To assess the accuracy of IOL power calculation formulae in children less than 2 years of age.
Retrospective, comparative study, comprising of 128 eyes of 84 children.
We analyzed records of children less than 2 years with congenital cataract who underwent primary IOL implantation. Data were analyzed for prediction error using the 4 commonly used IOL power calculation formulae. We calculated the absolute prediction error with each of the formulae and the formula that gave least variability was determined. The formula that gave the best prediction error was determined.
Mean age at surgery was 11.7 ± 6.2 months. Absolute prediction error was found to be 2.27 ± 1.69 diopters (D) with SRK II, 3.23 ± 2.24 D with SRK T, 3.62 ± 2.42 D with Holladay, and 4.61 ± 3.12 D with Hoffer Q. The number of eyes with absolute prediction error within 0.5 D was 27 (21.1%) with SRK II, 8 (6.3%) with SRK T, 12 (9.4%) with Holladay, and 5 (3.9%) with Hoffer Q. Comparison between different formulae showed that the absolute prediction error with SRK II formula was significantly better than with other formulae ( P < .001). Prediction error with SRK II formula was not affected by any factor such as age ( P = .31), keratometry ( P = .32), and axial length ( P = .27) of the patient. Axial length influenced the absolute prediction error with Holladay ( P = .05) and Hoffer Q formulae ( P = .002). Mean keratometry influenced prediction error ( P = .03) with SRK T formula.
Although absolute prediction error tends to remain high with all present IOL power calculation formulae, SRK II was the most predictable formula in our series.
With the advances in microsurgical devices, instruments, high-molecular-weight viscoelastic agents, and intraocular lens (IOL) designs, the acceptance of primary intraocular lens implantation in children less than 2 years of age has gradually increased. The unique challenge faced by a pediatric cataract surgeon is that of increased uncertainty regarding IOL power calculation.
In children less than 2 years of age, eyes have shorter axial length (AL), steeper cornea with higher keratometry values (K), and shallower anterior chamber depth (ACD). These eyes undergo rapid elongation in axial length and increase in the dimension of cornea, depth of anterior chamber, and capsular bag. The cornea becomes less steep and there is a decline in the power of the crystalline lens and cornea during this period. This tends to result in a myopic shift postoperatively, if an emmetropic power IOL is implanted. Although undercorrection of the IOL power is routinely carried out, the accuracy of the final refractive outcome depends on the precision of the IOL power calculation. In the case of younger children, prediction error in IOL power is affected by the errors in the biometry under general anesthesia, position of the implanted IOL, and age-related undercorrection planned by the surgeon. However, axial length and keratometry measurements done under general anesthesia tend to be less precise than biometry in the supine position because of improper centration and fixation. Hence, selection of appropriately powered IOL becomes a complex issue.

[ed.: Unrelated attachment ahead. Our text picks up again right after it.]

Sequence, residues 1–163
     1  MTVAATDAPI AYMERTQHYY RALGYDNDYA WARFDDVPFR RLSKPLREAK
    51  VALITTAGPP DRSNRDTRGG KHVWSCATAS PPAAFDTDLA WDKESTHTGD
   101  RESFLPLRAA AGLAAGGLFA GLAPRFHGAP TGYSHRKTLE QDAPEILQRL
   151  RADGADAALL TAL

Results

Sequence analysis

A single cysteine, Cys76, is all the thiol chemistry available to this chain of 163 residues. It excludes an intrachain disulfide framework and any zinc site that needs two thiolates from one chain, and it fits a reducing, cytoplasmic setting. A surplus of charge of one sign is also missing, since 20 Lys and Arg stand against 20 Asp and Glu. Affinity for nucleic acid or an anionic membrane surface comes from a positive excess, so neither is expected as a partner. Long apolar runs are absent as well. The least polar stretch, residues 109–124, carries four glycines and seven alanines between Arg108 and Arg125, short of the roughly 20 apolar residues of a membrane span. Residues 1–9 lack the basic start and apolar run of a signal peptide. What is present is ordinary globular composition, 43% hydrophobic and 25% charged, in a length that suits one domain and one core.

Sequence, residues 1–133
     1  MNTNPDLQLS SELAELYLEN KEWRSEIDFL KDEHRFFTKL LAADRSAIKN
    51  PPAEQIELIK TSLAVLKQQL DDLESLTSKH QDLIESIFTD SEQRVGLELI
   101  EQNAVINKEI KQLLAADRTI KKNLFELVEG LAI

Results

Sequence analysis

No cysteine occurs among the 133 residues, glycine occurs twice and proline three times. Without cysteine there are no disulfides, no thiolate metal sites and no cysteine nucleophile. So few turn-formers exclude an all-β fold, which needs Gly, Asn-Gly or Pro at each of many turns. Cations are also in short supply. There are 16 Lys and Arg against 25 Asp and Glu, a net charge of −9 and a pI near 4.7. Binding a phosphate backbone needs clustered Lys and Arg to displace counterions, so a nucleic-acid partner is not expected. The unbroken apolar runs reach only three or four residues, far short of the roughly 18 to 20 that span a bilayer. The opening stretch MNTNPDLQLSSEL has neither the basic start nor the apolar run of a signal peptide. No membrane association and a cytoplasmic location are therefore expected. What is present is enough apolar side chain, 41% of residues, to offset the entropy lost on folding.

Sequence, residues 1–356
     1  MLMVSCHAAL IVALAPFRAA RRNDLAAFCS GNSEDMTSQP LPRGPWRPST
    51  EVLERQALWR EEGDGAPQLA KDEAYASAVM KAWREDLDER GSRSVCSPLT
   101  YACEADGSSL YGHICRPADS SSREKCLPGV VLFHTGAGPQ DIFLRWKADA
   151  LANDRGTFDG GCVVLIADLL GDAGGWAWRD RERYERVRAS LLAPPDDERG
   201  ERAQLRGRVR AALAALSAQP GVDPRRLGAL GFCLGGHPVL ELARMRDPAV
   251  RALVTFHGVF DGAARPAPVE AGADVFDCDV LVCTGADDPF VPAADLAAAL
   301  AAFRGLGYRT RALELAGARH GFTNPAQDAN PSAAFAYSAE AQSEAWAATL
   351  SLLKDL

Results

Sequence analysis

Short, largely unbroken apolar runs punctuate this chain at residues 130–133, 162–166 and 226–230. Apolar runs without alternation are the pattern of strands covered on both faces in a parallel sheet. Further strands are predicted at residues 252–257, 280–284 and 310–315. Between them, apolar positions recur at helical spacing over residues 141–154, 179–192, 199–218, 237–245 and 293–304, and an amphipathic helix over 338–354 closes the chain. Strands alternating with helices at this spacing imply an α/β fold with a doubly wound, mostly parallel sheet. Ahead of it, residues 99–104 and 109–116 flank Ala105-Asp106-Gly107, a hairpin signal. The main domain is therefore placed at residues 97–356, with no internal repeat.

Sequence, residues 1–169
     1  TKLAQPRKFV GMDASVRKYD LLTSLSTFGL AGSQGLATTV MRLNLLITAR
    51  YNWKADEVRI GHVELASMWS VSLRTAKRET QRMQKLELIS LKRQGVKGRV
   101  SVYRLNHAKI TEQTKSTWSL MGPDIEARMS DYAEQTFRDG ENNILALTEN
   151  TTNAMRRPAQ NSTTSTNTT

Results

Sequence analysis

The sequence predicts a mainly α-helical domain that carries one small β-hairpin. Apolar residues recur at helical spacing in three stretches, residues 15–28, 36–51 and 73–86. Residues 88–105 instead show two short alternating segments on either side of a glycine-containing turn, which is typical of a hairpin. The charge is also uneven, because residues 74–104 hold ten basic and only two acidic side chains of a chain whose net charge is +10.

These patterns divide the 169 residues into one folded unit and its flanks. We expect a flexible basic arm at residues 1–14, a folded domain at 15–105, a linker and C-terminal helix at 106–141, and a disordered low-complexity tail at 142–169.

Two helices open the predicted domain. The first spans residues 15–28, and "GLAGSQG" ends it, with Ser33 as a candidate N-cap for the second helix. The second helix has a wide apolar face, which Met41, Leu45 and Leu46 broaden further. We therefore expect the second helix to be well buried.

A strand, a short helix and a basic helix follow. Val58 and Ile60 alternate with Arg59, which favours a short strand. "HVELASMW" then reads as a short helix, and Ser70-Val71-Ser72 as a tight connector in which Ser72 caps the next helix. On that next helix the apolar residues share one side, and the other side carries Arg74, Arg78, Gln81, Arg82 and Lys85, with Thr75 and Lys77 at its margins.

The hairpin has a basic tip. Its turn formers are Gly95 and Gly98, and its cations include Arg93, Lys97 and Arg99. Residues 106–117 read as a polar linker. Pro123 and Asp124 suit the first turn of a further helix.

In addition, the current formulae used for calculating IOL power may not be accurate in children with smaller eyes. A few studies have been conducted to resolve this challenge, but none have come up with a definitive conclusion and all have their own drawbacks. Furthermore, Moore and associates, in their study in 203 pediatric eyes, showed that prediction error tends to be greater in children less than 2 years of age. Since children of this age group are affected the most by the myopic shift, it is essential to derive the best IOL power calculation formula for them.
The objective of this study was to assess the predictability of desired postoperative refractive outcomes with the commonly used IOL power calculation formulae (Sanders-Retzlaff-Kraff II [SRK II], Sanders-Retzlaff-Kraff T [SRK T], Holladay I, and Hoffer Q formulae) in children less than 2 years of age who had undergone primary IOL implantation.
Materials and Methods
We retrospectively analyzed the records of all children less than 2 years of age who had undergone cataract surgery with primary IOL implantation at our institute between January 1, 2006 and December 2007. We included the patients with a minimum follow-up of 4 weeks. We excluded cases with history of ocular trauma, sulcus fixated IOLs, and evidence of any ocular or systemic abnormality.